by Sally Cawood, a PhD researcher at the Brooks World Poverty Institute, University of Manchester.
I need a plan, I like to plan, I LOVE plans! At least that’s what I thought before starting fieldwork. I had meticulously planned each part of my fieldwork schedule from finding language classes at the beginning, to organising dissemination workshops at the end. Whilst this was a useful way to prepare, I’ve learnt that flexibility is of utmost importance for a PhD student. Let me share some examples of ‘plan’ vs. ‘reality’ during my first three months of fieldwork in Dhaka;
- ‘Work in 6 different settlements across Dhaka’: In the first few months I went to over 20 slum settlements across the city which is the tenth largest in the world. We did well despite the difficult transport situation. However, the 5thJanuary brought political crisis, and this brought enforced strikes (hartals), which brought an ongoing political blockade from the opposition party (BNP). This greatly restricted my mobility in Dhaka, especially to the southern parts of the city. I’ve had to adapt to these unexpected political events by selecting more accessible field sites.
- ‘Distinguish between sites on public and private land’:I initially thought this distinction would be relatively clear cut. How wrong I was! Land ownership is highly contested in each and every slum settlement. For example, public land can still have private renters, and private land can have MPs and government officials as owners! After careful consideration, I purposefully chose my first field site where land use was mixed, with public and private owners and renters, to understand these complex dynamics.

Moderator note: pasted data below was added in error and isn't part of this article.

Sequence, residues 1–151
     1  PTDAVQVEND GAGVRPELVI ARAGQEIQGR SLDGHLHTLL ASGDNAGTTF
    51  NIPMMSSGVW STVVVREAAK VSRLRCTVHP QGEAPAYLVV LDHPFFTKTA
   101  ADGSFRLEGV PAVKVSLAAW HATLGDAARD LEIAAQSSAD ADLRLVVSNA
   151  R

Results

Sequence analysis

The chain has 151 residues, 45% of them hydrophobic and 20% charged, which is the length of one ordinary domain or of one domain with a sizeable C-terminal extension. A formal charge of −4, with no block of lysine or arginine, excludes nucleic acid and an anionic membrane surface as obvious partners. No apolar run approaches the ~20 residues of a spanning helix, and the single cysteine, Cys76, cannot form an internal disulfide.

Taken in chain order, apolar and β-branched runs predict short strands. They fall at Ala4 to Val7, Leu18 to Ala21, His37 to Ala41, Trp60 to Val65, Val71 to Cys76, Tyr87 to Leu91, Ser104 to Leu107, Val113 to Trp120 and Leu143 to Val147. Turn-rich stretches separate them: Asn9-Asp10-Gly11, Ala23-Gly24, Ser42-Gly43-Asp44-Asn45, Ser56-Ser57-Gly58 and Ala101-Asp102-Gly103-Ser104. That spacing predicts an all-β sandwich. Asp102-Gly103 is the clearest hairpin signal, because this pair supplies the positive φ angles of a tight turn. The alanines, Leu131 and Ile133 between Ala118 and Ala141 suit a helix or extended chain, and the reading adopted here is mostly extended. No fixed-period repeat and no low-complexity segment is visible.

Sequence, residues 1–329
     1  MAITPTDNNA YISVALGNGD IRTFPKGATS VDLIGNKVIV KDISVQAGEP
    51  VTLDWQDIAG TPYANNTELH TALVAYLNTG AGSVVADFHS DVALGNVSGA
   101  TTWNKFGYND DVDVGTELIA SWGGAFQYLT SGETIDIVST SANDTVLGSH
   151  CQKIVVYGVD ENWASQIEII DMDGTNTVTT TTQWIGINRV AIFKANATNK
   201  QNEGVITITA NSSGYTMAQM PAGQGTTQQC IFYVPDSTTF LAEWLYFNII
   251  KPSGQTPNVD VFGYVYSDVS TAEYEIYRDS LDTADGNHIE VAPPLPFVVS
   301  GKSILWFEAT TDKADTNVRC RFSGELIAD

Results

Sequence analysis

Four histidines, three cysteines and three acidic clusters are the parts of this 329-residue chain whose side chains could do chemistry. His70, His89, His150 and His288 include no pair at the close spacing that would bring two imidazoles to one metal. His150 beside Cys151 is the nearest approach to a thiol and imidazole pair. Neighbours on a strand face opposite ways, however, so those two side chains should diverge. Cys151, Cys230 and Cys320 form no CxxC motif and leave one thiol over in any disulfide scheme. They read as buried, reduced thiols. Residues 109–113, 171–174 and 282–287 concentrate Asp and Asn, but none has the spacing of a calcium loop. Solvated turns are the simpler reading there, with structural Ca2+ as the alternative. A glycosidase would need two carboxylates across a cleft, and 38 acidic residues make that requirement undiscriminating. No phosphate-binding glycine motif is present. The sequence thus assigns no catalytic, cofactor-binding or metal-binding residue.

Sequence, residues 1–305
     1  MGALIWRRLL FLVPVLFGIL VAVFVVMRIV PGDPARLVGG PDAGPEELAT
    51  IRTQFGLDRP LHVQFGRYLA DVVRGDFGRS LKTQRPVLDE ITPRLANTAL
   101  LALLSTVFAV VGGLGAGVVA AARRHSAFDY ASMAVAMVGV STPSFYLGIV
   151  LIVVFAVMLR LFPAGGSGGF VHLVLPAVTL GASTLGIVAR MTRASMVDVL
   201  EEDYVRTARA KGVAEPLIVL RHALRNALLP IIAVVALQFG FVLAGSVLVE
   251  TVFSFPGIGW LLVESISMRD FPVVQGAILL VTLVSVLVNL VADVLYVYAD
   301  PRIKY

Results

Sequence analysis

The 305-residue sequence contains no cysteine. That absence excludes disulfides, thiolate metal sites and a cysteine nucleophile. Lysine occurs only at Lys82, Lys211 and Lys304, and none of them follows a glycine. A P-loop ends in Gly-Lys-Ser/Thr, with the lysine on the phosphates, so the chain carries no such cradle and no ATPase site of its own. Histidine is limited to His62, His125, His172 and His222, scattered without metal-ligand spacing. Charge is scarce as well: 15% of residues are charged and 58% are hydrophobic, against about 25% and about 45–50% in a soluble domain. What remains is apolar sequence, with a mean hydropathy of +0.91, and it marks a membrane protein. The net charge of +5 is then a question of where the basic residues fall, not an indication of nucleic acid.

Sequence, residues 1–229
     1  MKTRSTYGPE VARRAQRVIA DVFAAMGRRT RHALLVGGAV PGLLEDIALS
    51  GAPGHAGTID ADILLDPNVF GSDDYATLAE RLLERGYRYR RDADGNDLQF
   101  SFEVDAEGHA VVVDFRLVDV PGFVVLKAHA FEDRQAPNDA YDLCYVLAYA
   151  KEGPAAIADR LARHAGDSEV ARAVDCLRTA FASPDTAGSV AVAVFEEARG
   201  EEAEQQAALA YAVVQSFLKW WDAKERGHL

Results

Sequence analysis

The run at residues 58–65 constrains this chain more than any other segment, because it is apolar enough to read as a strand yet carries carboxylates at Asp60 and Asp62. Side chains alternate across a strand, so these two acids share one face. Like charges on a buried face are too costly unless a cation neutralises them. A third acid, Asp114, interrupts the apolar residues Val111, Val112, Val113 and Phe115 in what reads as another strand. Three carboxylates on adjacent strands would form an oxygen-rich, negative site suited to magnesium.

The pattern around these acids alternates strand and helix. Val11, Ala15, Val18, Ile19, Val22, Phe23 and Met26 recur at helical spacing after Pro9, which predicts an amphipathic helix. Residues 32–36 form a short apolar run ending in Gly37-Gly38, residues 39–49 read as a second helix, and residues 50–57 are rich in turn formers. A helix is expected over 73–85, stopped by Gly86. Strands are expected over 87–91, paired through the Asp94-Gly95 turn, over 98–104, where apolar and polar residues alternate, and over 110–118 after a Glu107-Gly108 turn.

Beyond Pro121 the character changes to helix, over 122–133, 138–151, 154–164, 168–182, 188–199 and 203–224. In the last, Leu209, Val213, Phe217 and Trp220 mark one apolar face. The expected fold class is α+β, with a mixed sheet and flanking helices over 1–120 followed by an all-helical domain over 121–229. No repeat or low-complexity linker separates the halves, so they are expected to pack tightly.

- ‘Conduct 60-75 multi-stakeholder interviews’: Very ambitious, I know. I’m sure it’s possible, however, I came to realise that in a study about community based organisations, I should focus more on community leveldynamics, as opposed to travelling all over the city chasing busy government officials. Whilst I will still do this, it will be at a later stage, after in-depth community level fieldwork is complete.
- ‘Conduct interviews and workshops in a quiet environment’: Let’s face it, a city of 15 million people is NOT a quiet environment. One thing that struck me about conducting mini questionnaires and interviews in the slum settlements was the importance of having family, friends and neighbours nearby for moral support. This, added with dogs, chickens, goats and screaming babies makes for an interesting interview environment. I’ve started to see how life in Bangladesh revolves around strong kinship networks. To ignore this and try to create an artificial environment would in some ways make participants feel uncomfortable. So, I’ve adapted to participants preferences, schedules and comfort levels. This, coupled with a big smile and clearly defined fieldwork objectives has meant participants have warmed to me and my research assistant quickly, and accepted our presence in the area.
I’ve leant many things in my first three months of fieldwork but most of all I can say keep smiling, be confident and be flexible!